What happens after a war is often as painful as the war itself.
Some would argue that enough has been written about the last war, including the year 1945, and that Ian Buruma, of Dutch origin and who is Professor of Human Rights and Journalism in Bard College, New York State, is merely retelling a tragic narrative that has already been picked over, analysed and dealt with.
He would beg to differ and, having read his book, so would I. Where other historians, like Anne Applebaum or Max Hastings, have concentrated on how the war itself was waged or its aftermath in Eastern Europe, Buruma asks the question, “How did the world emerge from the wreckage?” and “How are societies...put together again?” It is an urgent question to which there are no easy answers.
Buruma raises them for personal as well as academic reasons. His father, a Dutch student at the outbreak of the war, was conscripted to work in a Berlin factory, where he narrowly avoided losing his life during the Allied air-raids. Buruma wanted to understand “the world of my father and his generation”. For this purpose, he divides his book into three parts: analysing what “liberation” meant in practice; how “the rubble” was cleared; and what the victors tried to do to avoid another world war.
For those growing up in England in the post-war period (I was born in 1945) the narrative we learnt was different from those countries that had suffered defeat and invasion, like Holland. We did not have to deal with the shame of collaboration and if fraternization between US and Canadian soldiers and local English girls was not encouraged, it did not bear the stigma that sleeping with the enemy had elsewhere in Europe. What Buruma shows is that the suffering caused by the war had consequences that were complex and unpredictable. For instance, writing of Germany he comments, “As was true in all countries under military occupation, the borderlines between romance, desire and prostitution were not always clear.” There was also the shame of enduring and surviving rape, widely experienced by the women of Berlin when the Russian soldiers arrived.
The author’s central thesis, that can hardly be disputed, is that “the scale of human misery in the aftermath of the war was so vast and so widespread, that comparisons are almost useless.” Buruma deals with the Far East and how Japan dealt with the trauma of defeat, as well as the West. In a chapter entitled “Draining the poison”, concerned with the moral corruption of war and what to do with the bureaucrats and officials who did well out of it, he comments that General de Gaulle “mended France in the same way Japan was “mended”, or Italy or Belgium, or even Germany -- by keeping damage to the pre-war elites to a minimum”. This meant that although notorious war criminals were tried and imprisoned or executed, as at Nuremburg, countless thousands kept their lives and their jobs so that their societies could begin to function again. Sometimes it is too painful as well as impractical, to ask too many questions.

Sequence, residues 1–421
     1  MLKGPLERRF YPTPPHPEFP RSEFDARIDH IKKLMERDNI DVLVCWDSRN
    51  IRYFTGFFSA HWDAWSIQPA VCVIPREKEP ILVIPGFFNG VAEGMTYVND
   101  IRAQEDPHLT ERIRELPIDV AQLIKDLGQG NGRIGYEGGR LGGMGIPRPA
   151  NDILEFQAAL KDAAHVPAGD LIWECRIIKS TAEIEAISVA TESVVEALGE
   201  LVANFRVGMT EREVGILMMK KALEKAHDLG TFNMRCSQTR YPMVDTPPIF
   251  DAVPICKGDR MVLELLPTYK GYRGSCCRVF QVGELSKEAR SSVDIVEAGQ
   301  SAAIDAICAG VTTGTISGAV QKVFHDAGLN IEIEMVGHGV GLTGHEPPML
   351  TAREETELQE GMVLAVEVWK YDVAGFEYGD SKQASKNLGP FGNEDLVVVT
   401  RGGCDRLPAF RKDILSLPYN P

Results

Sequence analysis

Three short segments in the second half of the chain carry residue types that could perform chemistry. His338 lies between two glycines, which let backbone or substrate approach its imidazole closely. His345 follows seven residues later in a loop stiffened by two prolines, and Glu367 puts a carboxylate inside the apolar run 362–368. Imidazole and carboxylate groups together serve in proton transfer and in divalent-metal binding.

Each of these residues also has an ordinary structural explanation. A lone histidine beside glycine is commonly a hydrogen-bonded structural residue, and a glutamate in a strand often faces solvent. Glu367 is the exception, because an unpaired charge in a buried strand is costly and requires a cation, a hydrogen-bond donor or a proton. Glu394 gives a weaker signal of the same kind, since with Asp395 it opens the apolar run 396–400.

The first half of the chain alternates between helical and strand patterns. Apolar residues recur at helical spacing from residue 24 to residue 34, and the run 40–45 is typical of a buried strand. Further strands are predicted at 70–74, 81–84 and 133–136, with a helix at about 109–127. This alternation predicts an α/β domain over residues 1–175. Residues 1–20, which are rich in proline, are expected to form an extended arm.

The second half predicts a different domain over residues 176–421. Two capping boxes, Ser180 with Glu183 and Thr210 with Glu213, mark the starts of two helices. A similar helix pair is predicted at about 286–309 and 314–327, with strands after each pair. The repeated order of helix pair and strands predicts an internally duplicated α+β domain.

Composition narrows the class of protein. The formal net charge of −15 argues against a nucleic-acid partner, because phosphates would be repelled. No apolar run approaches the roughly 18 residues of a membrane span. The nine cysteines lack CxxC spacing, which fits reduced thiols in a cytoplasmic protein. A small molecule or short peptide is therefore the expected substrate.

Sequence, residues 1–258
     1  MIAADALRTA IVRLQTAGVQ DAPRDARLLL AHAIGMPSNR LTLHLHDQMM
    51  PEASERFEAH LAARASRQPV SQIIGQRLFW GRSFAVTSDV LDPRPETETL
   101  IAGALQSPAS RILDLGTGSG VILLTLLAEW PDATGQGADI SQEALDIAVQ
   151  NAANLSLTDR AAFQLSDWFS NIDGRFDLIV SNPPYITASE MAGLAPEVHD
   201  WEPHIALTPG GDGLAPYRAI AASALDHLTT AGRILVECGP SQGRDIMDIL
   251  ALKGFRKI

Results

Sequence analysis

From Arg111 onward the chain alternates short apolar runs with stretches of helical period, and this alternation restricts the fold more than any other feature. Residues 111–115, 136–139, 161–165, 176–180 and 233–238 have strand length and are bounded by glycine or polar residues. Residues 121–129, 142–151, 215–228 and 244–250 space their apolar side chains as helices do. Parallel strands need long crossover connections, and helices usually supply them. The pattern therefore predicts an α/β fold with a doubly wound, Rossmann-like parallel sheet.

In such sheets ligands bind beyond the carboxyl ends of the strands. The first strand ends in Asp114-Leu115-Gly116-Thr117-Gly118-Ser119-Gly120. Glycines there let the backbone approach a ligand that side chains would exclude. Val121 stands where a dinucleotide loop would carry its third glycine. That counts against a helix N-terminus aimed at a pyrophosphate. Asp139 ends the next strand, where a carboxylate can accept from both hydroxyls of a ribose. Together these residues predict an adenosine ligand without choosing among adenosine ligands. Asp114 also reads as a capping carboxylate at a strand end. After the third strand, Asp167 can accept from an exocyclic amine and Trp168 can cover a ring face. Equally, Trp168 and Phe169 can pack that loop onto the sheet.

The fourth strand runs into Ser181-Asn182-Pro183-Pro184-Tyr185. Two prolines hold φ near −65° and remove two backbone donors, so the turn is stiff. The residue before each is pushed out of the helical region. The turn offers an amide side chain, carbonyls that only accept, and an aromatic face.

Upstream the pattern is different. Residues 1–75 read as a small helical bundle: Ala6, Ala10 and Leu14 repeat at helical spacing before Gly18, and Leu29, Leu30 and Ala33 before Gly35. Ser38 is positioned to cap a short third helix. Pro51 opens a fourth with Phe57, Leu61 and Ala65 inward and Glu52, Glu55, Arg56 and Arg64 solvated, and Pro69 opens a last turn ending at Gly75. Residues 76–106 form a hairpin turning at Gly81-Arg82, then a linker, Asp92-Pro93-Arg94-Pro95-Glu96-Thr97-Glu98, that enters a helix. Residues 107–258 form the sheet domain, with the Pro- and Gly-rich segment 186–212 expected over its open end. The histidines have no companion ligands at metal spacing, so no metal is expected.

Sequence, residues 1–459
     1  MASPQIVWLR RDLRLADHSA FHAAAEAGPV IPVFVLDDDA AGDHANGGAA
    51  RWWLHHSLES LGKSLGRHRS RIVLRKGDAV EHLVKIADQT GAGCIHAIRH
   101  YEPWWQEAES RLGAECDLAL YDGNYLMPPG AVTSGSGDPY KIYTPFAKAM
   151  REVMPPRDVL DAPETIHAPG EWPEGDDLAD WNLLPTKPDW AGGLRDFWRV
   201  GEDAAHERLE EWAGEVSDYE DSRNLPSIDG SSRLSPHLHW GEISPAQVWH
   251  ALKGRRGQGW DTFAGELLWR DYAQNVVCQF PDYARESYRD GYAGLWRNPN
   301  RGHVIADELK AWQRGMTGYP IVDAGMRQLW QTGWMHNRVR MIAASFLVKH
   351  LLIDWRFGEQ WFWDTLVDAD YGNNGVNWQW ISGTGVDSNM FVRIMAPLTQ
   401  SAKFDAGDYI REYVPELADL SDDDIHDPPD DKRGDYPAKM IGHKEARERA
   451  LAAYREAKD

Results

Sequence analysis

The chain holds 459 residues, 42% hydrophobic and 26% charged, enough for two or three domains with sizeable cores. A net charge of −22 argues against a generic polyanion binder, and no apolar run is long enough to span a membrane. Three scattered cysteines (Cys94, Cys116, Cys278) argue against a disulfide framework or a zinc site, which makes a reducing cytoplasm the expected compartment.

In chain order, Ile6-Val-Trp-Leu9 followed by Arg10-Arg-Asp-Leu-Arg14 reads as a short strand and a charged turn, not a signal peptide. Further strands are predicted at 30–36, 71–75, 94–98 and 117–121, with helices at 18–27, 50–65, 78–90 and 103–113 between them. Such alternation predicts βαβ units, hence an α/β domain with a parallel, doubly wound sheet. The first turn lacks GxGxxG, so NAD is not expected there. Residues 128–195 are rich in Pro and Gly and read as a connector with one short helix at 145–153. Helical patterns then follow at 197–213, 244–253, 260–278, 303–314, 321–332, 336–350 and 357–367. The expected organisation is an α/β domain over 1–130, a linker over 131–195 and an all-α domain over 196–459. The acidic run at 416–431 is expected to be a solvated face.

The Jews who survived the Holocaust had a particularly difficult time; they reminded their fellow citizens of their own moral failings if not their active complicity in the genocide. In Holland they were an embarrassment; in Poland, a country with an ambivalent attitude towards their large Jewish population, more than 1000 Jews were murdered between the summers of 1945 and 1946. To their credit, the Jews themselves showed considerable restraint in their attitude towards their neighbours – perhaps not wanting to draw attention to themselves and conscious that revenge only repeats the cycle of violence and despair.
One of the particular causes of post-war misery, described by Buruma in great detail, was the displacement of millions of people. Some were self-imposed refugees fleeing the enemy while others, including whole populations, were deliberately made homeless and forced into exile. A case in point was the situation of the Cossacks, kept in suspense in camps in Austria, who had fought against the Russians during the war in order to survive and who were desperate not to be repatriated, knowing their fate under Stalin if this happened. At the Yalta Conference of February 1954 they were not seen so much as an urgent social problem but as pawns in political power-dealing where their fate was sealed. As the author details, there were appalling scenes as they were herded by reluctant British troops onto cattle trucks in 1945 to be returned to the Soviet Union and certain death. Many, including their wives, chose suicide. More widely the author describes the “sense of helplessness of people who suddenly have no home. They can neither go forward nor back...stuck in limbo in a depopulated land which was no longer theirs.”
In this book Buruma shows, carefully and bleakly, that what happens when a war is over is often as painful as the war itself. Yet he also pays tribute to the men and women of 1945 who slowly and painstakingly began to build a new world amidst the ruins of the immediate past – “the welfare states, economies that just seemed to grow, international law, a “free” world protected by the seemingly unassailable American hegemon.” It was observed by the writer Alfred Doblin, that in Germany “they are less depressed by the destruction than inspired to work even harder.” Despite the author’s own tendency to historical pessimism, he nevertheless demonstrates in these pages that the human spirit might be wounded or crushed – but that it can never be defeated.
Francis Phillips writes from Buckinghamshire in the UK.